As we move away from the World Series and baseball's offseason drags along through the frigid winter months, the hot stove becomes sort of a daily waiting game for the diehard baseball fan. In those moments of waiting, when you're bored and yearning for baseball to return, suddenly there's only one game available and it typically involves refreshing the internet browser to see when your favorite team will make a transaction. You probably won't admit to it but I'm sure many of you are guilty of doing it in moments of weakness. "Just make a move already!"
Often when something happens, the move is inconsequential, the type of housekeeping that teams must go through every winter to prepare for the next season. A marginal player is taken off the 40-man roster. Somebody else is designated for assignment or claimed on waivers. Another random guy signs a minor league contract. Typical. Once in a while, however, those transactions will pay off in an unforeseen way and your team hits the jackpot.
Enter the Mets, who on December 21, 2009, inked veteran knuckleballer R.A. Dickey to a relatively ordinary minor league contract. Dickey, a 35-year old MLB journeyman at the time, had had little success in the big leagues to that point and appeared (and ultimately was) ticketed for the team's Triple-A affiliate in Buffalo, where he'd serve as veteran depth and maybe even a de facto coach to the Mets minor leaguers. Ho-hum, right?
As we all recall, Dickey made it up to the big leagues early in 2010 when the Mets had an opening in their rotation and he pitched well initially. Then he pitched well for the rest of 2010. Then, he pitched well all throughout 2011 before he pitched fantastically in 2012, reeling in a Cy Young award for his phenomenal season. For Dickey, it was the culmination of years of hard work in the minors and majors. For the Mets, it was a story of a footnote signing turning a headliner. Despite being a couple of years removed from all of that, Dickey's legacy with the Mets isn't complete, either, as he was subsequently dealt to the Blue Jays for a large return that offseason. All of that from a single minor league signing.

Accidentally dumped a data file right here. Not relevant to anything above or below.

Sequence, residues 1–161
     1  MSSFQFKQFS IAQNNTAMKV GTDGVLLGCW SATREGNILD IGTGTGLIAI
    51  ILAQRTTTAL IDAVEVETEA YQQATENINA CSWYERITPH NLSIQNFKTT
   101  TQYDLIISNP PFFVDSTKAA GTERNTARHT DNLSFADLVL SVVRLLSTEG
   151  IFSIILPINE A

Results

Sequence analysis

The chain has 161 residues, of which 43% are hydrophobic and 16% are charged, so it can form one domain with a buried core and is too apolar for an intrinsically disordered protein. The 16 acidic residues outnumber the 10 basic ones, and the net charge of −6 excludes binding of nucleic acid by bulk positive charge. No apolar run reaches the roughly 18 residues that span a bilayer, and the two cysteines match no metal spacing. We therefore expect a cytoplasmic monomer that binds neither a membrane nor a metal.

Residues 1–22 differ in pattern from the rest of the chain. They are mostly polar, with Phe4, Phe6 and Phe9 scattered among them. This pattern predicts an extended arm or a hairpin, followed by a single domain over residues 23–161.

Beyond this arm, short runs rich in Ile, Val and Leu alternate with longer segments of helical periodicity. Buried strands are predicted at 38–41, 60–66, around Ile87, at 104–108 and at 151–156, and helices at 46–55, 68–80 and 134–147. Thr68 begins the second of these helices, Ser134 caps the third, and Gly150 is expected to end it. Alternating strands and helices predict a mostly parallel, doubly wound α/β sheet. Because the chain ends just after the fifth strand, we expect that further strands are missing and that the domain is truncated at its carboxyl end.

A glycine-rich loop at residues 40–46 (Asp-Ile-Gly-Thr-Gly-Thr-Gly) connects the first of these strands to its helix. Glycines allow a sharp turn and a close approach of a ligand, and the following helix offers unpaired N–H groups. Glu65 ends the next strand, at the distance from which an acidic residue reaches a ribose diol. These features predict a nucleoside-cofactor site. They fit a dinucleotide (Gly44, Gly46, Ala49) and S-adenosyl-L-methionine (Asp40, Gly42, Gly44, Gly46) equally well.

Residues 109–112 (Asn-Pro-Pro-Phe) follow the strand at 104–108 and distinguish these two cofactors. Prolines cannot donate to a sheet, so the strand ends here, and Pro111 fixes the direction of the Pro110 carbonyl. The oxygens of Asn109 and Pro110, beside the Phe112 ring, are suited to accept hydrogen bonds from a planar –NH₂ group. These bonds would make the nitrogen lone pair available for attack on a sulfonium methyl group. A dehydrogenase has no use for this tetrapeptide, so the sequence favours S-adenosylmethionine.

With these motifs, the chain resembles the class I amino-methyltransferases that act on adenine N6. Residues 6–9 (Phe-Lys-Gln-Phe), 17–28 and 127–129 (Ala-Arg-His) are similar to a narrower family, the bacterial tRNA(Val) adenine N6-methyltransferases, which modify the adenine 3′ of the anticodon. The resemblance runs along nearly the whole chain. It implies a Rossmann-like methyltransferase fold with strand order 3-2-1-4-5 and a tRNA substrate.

Here's the question I'd like to pose: is R.A. Dickey the best minor league signing in Mets franchise history and could he end up becoming one of the greatest minor league signings in the history of Major League Baseball?
Let's take a look at the value Dickey has provided to the Mets thus far. From 2010-2012, Dickey was excellent for the Mets, making 91 starts and throwing 616.2 innings with a 2.95 ERA. All in all, that performance was worth 12.9 wins by Baseball Reference's estimate and the Mets paid all of around $8 million in total to get it. On its own, that's an incredibly valuable minor league signing before you factor in the trade that netted the Mets catcher Travis d'Arnaud, current top pitching prospect Noah Syndergaard, catcher John Buck, and outfield prospect Wuilmer Becerra.
The value of the trade return becomes a little trickier to parse, given the fact that two of players have yet to see big league time (Syndergaard and Becerra), another of them (Buck) was packaged with another excellent minor league signing in Marlon Byrd to net the Mets second baseman Dilson Herrera and reliever Vic Black in 2013, and that d'Arnaud only has a little over a season in the major leagues. It appears, though, that the Mets could reap a great deal of value from d'Arnaud, Syndergaard, Black, and maybe Herrera in 2015, 2016, and beyond. That's a lot of promising players who likely never would've been on the Mets today had they not signed R.A. Dickey in December 2009. Maybe things don't end up working out as hoped with them but it's still an impressive list of young players.
Now that we're in the post-Super Bowl, pre-spring training lull period of the offseason, it's easy to see these kinds of signings and think nothing of them. Sometimes you might even laugh at them. The Mets inked lefty pitcher Duane Below to a minor league contract yesterday and it was paid little to no mind by most. In searching Below's background, I found little more than minor league statistics and a vague scouting report here and there. But once in a while, one of those signings works out far better than anyone could've ever imagined when they were sitting at their computer, refreshing the browser, waiting for a transaction to happen. Anything can happen and for me, that's part of what makes baseball so great.